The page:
FORT CAMPBELL, KY, Sept. 23, 2011--Since 1943, the Expert Infantry Badge has been awarded to the most refined Infantrymen but the test itself has undergone many changes.

Currently, the EIB is on its 20th revision and Soldiers of the 1st Brigade Combat Team, 101st Airborne Division, are the first in the division to participate under its new standards since its last revamp in 2009.

Anyone can partake in the test, but only 11 series and 18 series (excluding 18D) can earn the badge.

"EIB is a chance for an Infantry Soldier to show his skills and master the skills that we hold dear," said Sgt. 1st Class Shannon Corbin, a Company D platoon sergeant with the 2nd Battalion, 327th Infantry and EIB patrol lane 1 grader. "Anything from weapons to land navigation to the [Army physical fitness test], and showing that they can achieve 100 percent 'go' rates on difficult tasks."

Because combat is an ever-evolving force, the EIB has been constantly adjusted to incorporate necessary skills, tactics, equipment and doctrine needed to survive.

At first, Soldiers had to qualify with on individual weapon or crew served weapon and while transition firing, qualify with grenades, complete familiarization firing with another weapon, complete a 25-mile foot march, complete a physical fitness test, complete an infiltration, close combat and combat-in-cites courses and take a test.

The original tasks of this 1944 3-day testing were completed by 10 noncommissioned officers out of 100 that participated.

Since then, it had become a four to six-week course, which includes preparation and training. It also required more than a dozen additional tasks.

"The old EIB was set up station to station… but you had [more than] 30 tasks," said Corbin. "Each one was not broken down into one long lane, and you had to do it with 100 percent accuracy."

Soldier had the ability to choose which task they want to do as well as an option to retest. Receiving a double 'no go' resulted in elimination.

Today, the EIB has become lane based and incorporates skills needed to survive Afghanistan, Iraq and other modern war fronts.

"Now it's based on a more outcome based patrol essentially, and the Soldiers are made to think of all 10 tasks in one lane," said Corbin. "They have to do it all right. Also there were no decision tasks. Soldiers are now able to think on their own.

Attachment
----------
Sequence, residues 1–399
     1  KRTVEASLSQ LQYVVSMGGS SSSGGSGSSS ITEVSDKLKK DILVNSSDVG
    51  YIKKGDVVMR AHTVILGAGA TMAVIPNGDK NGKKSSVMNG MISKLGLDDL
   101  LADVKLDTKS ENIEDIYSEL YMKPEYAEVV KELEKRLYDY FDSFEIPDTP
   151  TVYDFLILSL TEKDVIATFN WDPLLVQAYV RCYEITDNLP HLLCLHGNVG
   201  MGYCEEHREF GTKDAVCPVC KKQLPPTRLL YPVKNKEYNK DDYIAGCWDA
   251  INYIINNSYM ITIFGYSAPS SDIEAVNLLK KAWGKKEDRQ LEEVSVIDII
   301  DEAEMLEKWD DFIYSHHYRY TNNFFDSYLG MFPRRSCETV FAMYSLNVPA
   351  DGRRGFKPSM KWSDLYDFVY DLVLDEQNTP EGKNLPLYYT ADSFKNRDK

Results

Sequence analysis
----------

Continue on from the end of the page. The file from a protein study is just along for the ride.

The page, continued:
"An example of that is when they are in contact and they are taking care of a casualty: do they stop taking care of the casualty to continue to fight the fight or do they make the decision to take care of the casualty?"

Soldiers now have to show their proficiency in a five-day period. They first begin with an APFT then move on to the Urban, Patrol and Traffic Control Point lanes, a day and night land navigation course and end it with a 12-mile road march.

Historically, the APFT eliminates nearly half of the competition. The Soldiers participating in the EIB test this week were no exception.

"Most of them had incorrect form. Their upper arm wasn't parallel with the ground during the pushups. That was primarily the biggest failure," said Staff Sgt. Andrew Shrider, an EIB grader with Headquarters and Headquarters Battalion, 2nd Battery, 320th Field Artillery.

The lanes have also had an additional stressor incorporated.

Corbin said the course is very challenging. Not only does the Soldier have to perform 11 tasks in each lane, they also have the additional stress of a time limit. They have to perform 10 tasks and the decision task Corbin gives them within 20 minutes.

Since the first EIB was awarded to Technical Sgt. Walter Bull of Company A, 399th Infantry Regiment, 100th Infantry Division, on March 29, 1944 at Fort Bragg, N.C., by Lt. Gen. Leslie J. Mcnair, commander of U.S. Army Ground Forces, Soldiers have continuously strived to join his ranks. On Friday, dozens of Fort Campbell Soldiers will complete the course and become expert Infantrymen